Having lived in the UK for 8 years now, I've realized how stupid this is, and more importantly, no one cares how you look, in a setting where that is not the most important thing. I'd ...
Since the power strip voltage rating is too low for European voltages, leave it at home. It might be fine, might not, and peace of mind is worth at least $50.
There are purpose-built travel power strips that are rated for Europe. Google 'travel power strip' (without the quote marks).
Here's an example:
Note: This ...
These are standard radiator thermostat valves. They are usually marked
0 — off (most thermostat valve heads don't have this setting)
❄ — anti-frost (usually 6°C)
1 — 12°C
☽ — energy saving (usually 14°C)
2 — 16°C
3 — 20°C
4 — 24°C
5 — 28°C
Note these are target room temperatures. Regardless at which setting you put the thermostat, if the air around the ...
It really depends on the country/train, IC is a code used in different countries for long-distance non-high-speed trains with slightly different rules. Generally speaking, those trains have either no seat reservations or optional seat reservations (but no mandatory seat reservations).
Therefore I would assume you do have a ticket that's valid on your chosen ...
If you volunteer, you are accepting whatever the airline offers. Meaning, they could just ask pretty please and if you volunteer, you just get the personal satisfaction of helping out the Gate Agent.
However, airlines tend to open these days with a few hundred Dollars/Pounds/Euros in travel vouchers to entice enough people to volunteer to prevent bumping. ...
Do not pass on the right.
Learn the right of way rules.
Here is the US military driving manual for Germany. It comes the major rules and if followed will work for almost everywhere in Europe.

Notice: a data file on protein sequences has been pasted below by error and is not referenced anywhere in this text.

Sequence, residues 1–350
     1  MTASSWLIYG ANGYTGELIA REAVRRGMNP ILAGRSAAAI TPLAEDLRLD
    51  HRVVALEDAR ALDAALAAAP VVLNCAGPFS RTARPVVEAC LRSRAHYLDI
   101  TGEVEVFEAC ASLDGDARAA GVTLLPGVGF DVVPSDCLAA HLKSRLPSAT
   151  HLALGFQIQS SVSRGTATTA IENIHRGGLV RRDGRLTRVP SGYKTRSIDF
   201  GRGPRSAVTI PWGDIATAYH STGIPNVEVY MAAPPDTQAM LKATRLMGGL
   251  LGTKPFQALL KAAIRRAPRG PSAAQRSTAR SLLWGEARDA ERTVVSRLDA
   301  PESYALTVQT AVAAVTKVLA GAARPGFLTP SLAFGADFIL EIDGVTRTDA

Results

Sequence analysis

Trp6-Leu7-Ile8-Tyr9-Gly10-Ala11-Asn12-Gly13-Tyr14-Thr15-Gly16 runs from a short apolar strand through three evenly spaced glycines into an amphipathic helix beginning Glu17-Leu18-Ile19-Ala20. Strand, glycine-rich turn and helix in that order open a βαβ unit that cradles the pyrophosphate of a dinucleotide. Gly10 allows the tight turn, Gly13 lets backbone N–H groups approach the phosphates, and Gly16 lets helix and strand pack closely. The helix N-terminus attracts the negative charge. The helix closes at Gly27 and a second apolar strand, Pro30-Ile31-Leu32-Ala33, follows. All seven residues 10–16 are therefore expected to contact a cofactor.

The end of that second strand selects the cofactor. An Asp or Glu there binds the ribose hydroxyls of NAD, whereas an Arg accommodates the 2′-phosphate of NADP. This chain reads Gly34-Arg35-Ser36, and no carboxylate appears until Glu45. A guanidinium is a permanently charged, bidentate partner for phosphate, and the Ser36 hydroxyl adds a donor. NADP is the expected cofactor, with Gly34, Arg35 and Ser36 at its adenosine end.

I traveled for Work a lot! I mean a lot. I used to wear Jeans and a Shirt. With the whole getup (belt, nice shoes, etc.).
After 50+ trips, I couldn't do it anymore.
Not only was I never on-site first day at the client. There was absolutely no reason to wear what I did.
You have to take off the belt/watch for the TSA. Untie the nice shoes and whatever else ...
Tipping is generally never mandatory in Germany, but the general etiquette is:
Restaurants and bars where they bring you food and drink to the table: Yes
Restaurants where you carry your food to the table yourself: No
Bars where you carry your drink to the table yourself: Optional, but doing so can improve quality of service if you want another drink later.
According to this page by the Barcelona City Council's Municipal Consumer Information Office (OMIC), the first thing you should do is contact the business to try to mediate the complaint. If they don't give you a resolution within 30 days, you can lodge a complaint with them.
The relevant quote from the page:
We remind you, in accordance with Decree 98/...
In some European countries there some things that are compulsory to carry in the car.
Check for each country you're visiting what's required.
Confirm what's provided by the hire co. and what you need to source.
Such things as first aid kits, fire extinguishers, Hi_vis jackets (one per person or driver only), disposable breathalyzer kits, spare bulbs, ...
This would seem to be the Church of the Nativity of Jesus Christ in Chkondidi, Martvili Monastery, in Georgia.
Picture by Aleksey Muhranoff (2011), Creative Commons Attribution-Share Alike 3.0 Unported licence.
Knowing someone who did exactly this in the US very recently, I can say that it is possible to change your status once you are married without having to leave. However the law around it is not clear or simple and you should absolutely definitely talk to an immigration lawyer before attempting this. It's very easy to do something, or fail to do something, ...
Yes. According to Carry-on baggage rules at Lufthansa
For a smooth boarding procedure, more stowage space on board and a
punctual departure, it is essential that your carry-on baggage
corresponds to the regulations. That is why we check your carry-on
baggage against the permitted dimensions, quantity and weight at
And from a ...
This should have been a comment but I am forced to expand. I am not 100% sure because IANL and I don't have track of Spanish and European laws, but I am familiar with most principles.
Basically, Europe protects consumer as they are in the weakest position. You have likely booked all your transports and entertainment for your trip, so you might suffer ...
The question has basically already been answered in the comments, but here we go, also with a few possibilities to solve the problem.
If you are correct with your statement in the question, that you are not allowed to enter Croatia, you will only have a single-entry Schengen visa. In this case, you will neither be allowed to take the bus from Venice to ...